The NBA All-Stars descended upon Los Angeles this season and put on a show, but neither the Lakers nor the Clippers were represented. It was a strange occurrence, particularly for the Lakers, who are used to having the league’s best on their roster.
This begs the question: where will the Lakers’ next star come from? The team has been mired in a rebuild that has dragged on for years, and with Kobe Bryant happily retired, no one has emerged to step into the spotlight.
Yet the situation isn’t nearly as bleak as it appears at first glance. On the contrary, there are reasons to believe that an All-Star is just around the corner, or perhaps even on the team already.
Under the guidance of president of basketball operations Magic Johnson and general manager Rob Pelinka, the organization has made some difficult decisions in order to clear a mountain of salary cap space.
They used talented young guard D’Angelo Russell as trade bait to get the Brooklyn Nets to absorb the vile contract of Timofey Mozgov last summer, erasing one of the sins of the past regime.
Then at this season’s trade deadline, the Lakers sent productive reserves Larry Nance Jr. and Jordan Clarkson to the Cleveland Cavaliers in exchange for a struggling Isaiah Thomas, Channing Frye, and a first-round pick in the 2018 NBA Draft.
Since both Frye and Thomas were on expiring contracts, the move has cleared the way for the Lakers to have enough salary cap space to sign not one but two max-level free agents.
Johnson and Pelinka will spend the summer hunting whales, and should they secure the likes of LeBron James, Paul George, or a (hopefully) recovered DeMarcus Cousins, then the city’s All-Star drought would surely be over.
In fact, should the Lakers get there way, the team would vault from the lottery into contention in a single, efficient offseason. As enticing as such a scenario sounds, one has to wonder how realistic it is.
After all, Cousins is recovering from a torn Achilles, making his future murky at best. That leaves James and George as the only true stars available, and convincing either to leave their incumbent teams to join forces in Los Angeles won’t be easy.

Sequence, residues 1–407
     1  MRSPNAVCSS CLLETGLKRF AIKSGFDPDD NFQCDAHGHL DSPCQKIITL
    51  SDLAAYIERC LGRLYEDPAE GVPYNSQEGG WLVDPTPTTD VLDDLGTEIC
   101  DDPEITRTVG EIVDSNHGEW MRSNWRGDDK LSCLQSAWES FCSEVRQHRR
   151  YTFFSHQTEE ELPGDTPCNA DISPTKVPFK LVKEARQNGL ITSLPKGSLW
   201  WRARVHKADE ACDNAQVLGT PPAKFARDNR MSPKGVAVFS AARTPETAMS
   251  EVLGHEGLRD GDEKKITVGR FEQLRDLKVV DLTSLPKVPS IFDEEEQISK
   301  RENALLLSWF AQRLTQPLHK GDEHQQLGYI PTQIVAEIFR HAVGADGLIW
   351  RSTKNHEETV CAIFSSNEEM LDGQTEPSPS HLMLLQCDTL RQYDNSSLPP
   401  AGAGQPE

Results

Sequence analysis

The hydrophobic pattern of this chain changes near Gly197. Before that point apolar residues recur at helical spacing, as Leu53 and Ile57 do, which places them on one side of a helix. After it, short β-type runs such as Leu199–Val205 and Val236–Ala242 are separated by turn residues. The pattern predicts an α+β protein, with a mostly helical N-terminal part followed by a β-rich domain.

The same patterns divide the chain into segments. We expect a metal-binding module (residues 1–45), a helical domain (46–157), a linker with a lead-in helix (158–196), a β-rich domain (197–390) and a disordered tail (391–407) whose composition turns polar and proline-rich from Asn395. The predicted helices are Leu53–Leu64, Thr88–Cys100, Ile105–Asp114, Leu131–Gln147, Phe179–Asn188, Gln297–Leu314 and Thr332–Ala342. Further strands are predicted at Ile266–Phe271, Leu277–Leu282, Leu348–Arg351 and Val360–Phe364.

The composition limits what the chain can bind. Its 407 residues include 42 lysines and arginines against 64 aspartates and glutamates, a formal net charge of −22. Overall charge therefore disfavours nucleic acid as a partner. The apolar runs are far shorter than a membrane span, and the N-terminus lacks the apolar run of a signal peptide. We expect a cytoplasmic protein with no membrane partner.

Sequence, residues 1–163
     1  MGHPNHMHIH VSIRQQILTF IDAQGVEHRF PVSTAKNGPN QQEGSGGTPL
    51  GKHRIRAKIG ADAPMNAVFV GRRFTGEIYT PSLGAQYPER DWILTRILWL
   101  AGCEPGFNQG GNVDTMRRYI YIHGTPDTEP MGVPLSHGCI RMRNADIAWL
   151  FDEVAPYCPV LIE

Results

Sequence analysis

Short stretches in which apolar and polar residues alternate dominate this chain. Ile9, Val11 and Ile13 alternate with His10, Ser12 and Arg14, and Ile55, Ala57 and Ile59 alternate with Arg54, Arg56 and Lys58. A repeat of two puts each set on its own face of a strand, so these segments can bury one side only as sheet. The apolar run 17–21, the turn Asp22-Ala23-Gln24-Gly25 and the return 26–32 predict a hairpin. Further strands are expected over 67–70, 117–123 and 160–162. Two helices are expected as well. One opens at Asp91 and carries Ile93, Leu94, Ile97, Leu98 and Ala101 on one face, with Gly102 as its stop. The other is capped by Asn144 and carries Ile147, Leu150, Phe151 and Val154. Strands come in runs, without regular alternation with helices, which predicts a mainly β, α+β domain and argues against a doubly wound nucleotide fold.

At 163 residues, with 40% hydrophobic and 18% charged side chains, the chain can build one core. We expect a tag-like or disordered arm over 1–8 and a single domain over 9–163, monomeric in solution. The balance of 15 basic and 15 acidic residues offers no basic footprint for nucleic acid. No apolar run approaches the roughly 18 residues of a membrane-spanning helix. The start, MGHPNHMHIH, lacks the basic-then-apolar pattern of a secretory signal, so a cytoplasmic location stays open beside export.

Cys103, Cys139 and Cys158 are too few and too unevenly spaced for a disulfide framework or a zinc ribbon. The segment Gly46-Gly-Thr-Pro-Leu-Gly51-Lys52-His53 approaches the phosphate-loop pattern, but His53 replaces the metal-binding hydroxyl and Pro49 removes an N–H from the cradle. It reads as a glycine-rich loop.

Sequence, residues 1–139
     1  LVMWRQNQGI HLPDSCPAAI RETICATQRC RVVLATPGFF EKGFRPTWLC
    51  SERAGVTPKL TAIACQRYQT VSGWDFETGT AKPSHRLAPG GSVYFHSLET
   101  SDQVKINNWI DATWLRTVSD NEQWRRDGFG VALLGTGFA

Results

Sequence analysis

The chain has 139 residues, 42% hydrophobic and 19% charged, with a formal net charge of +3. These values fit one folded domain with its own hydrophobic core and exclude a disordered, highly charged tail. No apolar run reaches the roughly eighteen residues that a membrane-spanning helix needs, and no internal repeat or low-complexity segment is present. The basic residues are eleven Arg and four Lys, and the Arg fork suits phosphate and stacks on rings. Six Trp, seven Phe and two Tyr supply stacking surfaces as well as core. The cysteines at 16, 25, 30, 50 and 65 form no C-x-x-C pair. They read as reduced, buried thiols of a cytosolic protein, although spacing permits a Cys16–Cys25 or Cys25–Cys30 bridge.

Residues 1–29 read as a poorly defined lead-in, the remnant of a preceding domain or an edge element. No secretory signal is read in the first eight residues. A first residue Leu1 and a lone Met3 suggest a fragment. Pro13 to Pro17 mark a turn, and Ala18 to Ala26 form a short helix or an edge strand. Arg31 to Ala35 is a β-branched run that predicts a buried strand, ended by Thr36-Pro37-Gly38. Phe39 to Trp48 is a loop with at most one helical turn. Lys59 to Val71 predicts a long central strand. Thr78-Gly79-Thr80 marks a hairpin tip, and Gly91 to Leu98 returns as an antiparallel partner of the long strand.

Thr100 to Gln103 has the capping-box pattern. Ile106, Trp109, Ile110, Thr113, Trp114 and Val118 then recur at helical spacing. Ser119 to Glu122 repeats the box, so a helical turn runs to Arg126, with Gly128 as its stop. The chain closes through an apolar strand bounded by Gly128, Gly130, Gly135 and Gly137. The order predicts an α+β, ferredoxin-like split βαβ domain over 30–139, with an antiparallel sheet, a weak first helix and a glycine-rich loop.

There are so many variable and all it takes is one thing to not break the Lakers’ way for it all to fall to pieces. Still, even if the Lakers don’t land the big fish, they are set up well for the future.
When 2017 second overall pick Lonzo Ball took the floor this season, he showed flashes of why much was expected of him heading into the draft. Ball’s defense was much better than anticipated, and his ability to grab and go on the defensive glass proved to be essential for a Lakers team that hopes to emulate the glory days of Showtime.
Likewise, fellow rookies Kyle Kuzma and Josh Hart were revelations. With averages of 16.1 points and 6.3 rebounds while shooting 36.6 percent from deep, Kuzma was arguably the steal of last summer’s draft.
His offensive versatility fits the modern NBA perfectly, and while his defense has been called out from time to time, the skill set and desire is there for Kuzma to make an impact on that end as well.
Hart, meanwhile, had a strong close to the season after returning from a broken bone in his left hand. While Hart’s shooting may inevitably regress to the mean, his defensive tenacity is consistent, and he has a knack for making good things happen when he’s on the floor.
With productive young players locked into ultra-cheap rookie contracts, the Lakers are in good shape moving forward to be ready to pounce when a star does become available.
That effort will get easier if one of the players currently on the roster blossoms into a star, and it would appear that Brandon Ingram has the best chance at doing that.
Ludicrously long-limbed, Ingram spent most of the season getting to the rim nearly at will and has even spent a solid chunk of time filling in at point guard for the injured Ball. He has plenty to work on still, but the growth he has shown has many optimistic about the future.
The Lakers will do what they can to add a top free agent this summer, one that can represent their team in next year’s All-Star Game. But should they fail in free agency, there is still hope that the team is on the right path to move back up the NBA mountain.
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